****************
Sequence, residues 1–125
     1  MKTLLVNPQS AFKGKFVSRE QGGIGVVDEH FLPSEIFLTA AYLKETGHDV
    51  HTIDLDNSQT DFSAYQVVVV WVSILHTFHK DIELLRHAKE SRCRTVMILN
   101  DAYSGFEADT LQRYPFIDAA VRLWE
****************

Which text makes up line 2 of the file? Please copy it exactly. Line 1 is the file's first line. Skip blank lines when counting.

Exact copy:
     1  MKTLLVNPQS AFKGKFVSRE QGGIGVVDEH FLPSEIFLTA AYLKETGHDV